Common Name (eg, your name or your server’s hostname) []:My Test FTP Server
Email Address []

The vsftpd configuration part
After generating the SSL certificate, we need to instruct vsftpd to use that SSL certificate to carry out the encryption process. Just like many services, vsftpd has its own configuration file, vsftpd.conf, which is located in /etc/vsftpd/vsftpd.conf for Red Hat-based systems and /etc/vsftpd.conf in Debian-based systems.
Now, let us edit the configuration file as per our requirements. You might need to find out the lines, or add them if they do not pre-exist.
Step 1: Turn on SSL.
We would like to enable encryption not only for data transfer, but also for authentication process. For this, you can edit following lines as:


Step 2: Mention the certificate and key file location.


Step 3: Enable TLS. TLS is considered to be more secure than SSL so we would definitely like to use it whenever required.


Step 4: This includes other basic configurations. To allow all the local users added to the system to use FTP service, edit the following line:


To prevent anonymous logins, edit the following line:


To accept FTP write commands, edit the following line:


With this setting, only a local user can access the FTP server and can issue write commands. But if you want to preserve the individuality of the users and their contents, you can set up a chroot jail for the users, so that users are bound to work in their home directories and are not permitted to access any files outside them.


To enable logging of the transfers carried out, edit the following lines:


Add the vsftpd service to start up
With the configuration done, you will have to restart the service so that the changes incorporated can take effect:

service vsftpd restart

By default, after a fresh installation of any package, the service associated with that package is disabled on every run level. This indicates that you will have to manually restart the service after the operating system switches from one run level to another. In simple words, after every reboot or system startup, you will have to start the service manually.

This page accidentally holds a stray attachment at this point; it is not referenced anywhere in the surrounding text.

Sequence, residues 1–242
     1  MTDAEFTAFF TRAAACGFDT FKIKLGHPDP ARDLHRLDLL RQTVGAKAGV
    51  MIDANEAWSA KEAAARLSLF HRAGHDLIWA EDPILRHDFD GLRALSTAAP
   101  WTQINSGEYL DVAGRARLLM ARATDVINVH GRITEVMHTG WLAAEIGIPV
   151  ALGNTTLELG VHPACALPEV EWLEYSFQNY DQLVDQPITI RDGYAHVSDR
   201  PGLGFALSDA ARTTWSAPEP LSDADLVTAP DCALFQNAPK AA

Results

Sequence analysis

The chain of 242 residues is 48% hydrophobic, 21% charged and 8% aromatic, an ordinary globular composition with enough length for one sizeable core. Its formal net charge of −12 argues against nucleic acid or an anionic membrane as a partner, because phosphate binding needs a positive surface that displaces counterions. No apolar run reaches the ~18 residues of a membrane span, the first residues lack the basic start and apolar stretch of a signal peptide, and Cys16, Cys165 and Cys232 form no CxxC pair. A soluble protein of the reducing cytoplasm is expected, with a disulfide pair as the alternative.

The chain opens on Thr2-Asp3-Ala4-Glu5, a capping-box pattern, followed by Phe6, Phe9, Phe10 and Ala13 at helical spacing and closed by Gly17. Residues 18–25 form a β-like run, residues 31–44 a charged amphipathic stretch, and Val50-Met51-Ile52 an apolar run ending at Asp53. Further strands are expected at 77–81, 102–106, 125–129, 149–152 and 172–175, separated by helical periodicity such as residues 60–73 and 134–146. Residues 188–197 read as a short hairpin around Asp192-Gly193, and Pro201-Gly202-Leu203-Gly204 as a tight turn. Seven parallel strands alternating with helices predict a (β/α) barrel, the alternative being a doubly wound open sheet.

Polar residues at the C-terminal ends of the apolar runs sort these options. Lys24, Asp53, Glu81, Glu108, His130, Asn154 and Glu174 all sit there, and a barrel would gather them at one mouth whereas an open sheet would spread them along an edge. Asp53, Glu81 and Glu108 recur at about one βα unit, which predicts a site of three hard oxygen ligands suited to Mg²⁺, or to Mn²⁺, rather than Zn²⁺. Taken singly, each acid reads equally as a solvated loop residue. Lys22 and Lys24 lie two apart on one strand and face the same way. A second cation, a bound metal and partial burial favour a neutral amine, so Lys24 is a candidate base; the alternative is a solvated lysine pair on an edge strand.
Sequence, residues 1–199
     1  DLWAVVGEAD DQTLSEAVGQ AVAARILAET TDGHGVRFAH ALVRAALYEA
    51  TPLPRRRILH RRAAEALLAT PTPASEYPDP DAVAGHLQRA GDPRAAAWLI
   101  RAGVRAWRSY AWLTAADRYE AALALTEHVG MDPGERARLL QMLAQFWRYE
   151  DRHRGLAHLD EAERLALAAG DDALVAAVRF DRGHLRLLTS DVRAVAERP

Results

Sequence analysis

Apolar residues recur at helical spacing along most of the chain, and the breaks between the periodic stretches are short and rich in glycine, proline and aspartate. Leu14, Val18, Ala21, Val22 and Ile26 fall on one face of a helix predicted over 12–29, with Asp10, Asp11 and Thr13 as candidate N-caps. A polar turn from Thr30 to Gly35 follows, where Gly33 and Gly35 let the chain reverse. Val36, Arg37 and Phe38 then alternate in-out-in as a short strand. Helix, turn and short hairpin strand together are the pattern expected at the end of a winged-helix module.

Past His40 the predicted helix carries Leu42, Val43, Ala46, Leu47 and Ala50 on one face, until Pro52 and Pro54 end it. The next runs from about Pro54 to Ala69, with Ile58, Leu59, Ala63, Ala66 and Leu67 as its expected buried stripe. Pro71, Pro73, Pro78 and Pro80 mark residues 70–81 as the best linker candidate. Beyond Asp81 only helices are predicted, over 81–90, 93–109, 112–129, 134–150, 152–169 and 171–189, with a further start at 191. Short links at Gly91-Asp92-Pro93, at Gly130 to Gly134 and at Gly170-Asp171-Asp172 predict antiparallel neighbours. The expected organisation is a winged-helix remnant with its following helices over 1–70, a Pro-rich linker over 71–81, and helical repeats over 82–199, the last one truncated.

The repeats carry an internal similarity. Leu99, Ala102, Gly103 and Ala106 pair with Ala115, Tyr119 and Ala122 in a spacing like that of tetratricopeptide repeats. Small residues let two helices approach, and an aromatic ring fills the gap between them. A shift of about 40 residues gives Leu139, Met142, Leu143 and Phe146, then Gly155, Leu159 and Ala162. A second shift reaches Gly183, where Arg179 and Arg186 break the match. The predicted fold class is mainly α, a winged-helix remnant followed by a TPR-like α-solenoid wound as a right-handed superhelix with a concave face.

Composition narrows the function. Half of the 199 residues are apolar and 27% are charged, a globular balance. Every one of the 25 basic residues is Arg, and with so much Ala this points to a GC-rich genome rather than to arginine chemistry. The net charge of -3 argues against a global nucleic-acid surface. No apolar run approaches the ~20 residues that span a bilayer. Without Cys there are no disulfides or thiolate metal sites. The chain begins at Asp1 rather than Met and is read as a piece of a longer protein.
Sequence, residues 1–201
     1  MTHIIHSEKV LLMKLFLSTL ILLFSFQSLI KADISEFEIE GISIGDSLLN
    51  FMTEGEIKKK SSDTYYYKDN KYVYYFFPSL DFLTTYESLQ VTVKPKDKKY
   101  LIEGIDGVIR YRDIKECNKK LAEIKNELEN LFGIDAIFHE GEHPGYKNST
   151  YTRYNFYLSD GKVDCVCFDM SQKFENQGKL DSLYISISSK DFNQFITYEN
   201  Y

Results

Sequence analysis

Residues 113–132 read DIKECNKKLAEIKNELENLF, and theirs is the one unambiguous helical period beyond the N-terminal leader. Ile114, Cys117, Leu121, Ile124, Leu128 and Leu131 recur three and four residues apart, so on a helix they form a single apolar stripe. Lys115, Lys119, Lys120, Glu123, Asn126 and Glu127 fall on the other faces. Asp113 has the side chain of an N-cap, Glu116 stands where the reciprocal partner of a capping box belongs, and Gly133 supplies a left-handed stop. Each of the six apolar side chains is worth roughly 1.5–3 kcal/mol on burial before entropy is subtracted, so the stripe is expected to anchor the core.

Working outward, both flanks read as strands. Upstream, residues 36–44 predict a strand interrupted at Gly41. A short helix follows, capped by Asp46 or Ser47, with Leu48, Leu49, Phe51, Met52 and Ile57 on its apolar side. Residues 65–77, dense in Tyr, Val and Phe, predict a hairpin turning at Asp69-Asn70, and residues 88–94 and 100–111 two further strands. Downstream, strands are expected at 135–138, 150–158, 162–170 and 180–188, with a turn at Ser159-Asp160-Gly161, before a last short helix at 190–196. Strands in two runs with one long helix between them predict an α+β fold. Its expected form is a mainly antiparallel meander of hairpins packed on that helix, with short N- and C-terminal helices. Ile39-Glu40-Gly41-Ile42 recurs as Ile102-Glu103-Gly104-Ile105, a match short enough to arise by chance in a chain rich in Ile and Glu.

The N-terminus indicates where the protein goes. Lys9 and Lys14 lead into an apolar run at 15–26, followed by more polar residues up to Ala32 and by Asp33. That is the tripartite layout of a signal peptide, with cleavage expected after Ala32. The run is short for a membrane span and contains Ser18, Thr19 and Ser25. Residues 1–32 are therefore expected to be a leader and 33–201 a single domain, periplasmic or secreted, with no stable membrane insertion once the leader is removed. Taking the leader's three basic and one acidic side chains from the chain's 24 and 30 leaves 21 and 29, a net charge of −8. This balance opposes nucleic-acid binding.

You can verify this by issuing the chkconfig command
as follows:

chkconfig --list vsftpd

The output is:

$ chkconfig --list vsftpd
vsftpd   0:off  1:off  2:off  3:off  4:off  5:off   6:off

To overcome this and to configure the service to start automatically, you can use:

chkconfig vsftpd on

To confirm, run the command given below:

$ chkconfig --list vsftpd
vsftpd  0:off   1:off   2:on    3:on    4:on    5:on    6:off

Adding FTP users
Now, your FTP server is ready to used and you can add users who can access it. Adding FTP users is very similar to adding users in the operating system, using the useradd command. With this, every user will get a separate home directory and with the chroot jail activated, users will be forced to work within their home directories.
To add the user ‘mandar’, simply run:

useradd mandar

To set the password for ‘mandar’, use the passwd command as follows:

passwd mandar

You will have to mention the new password and confirm it once:

Changing password for user mandar.
New password:
Retype new password:
passwd: all authentication tokens updated successfully.

Now, the user ‘mandar’ will be able to use the FTPS services with any FTP client that supports SSL/TLS, such as FileZilla. In order to access the FTPS server through browsers, you may require to install some add-ons like ‘fireFTP’.
You can limit access to the FTPS server, but allow people to use FTPS services at the same time, by changing their shell to /sbin/nologin.  Further, you can set a password policy for the users (/etc/pam.d/system-auth) to make them select a strong password and change it regularly (chage command).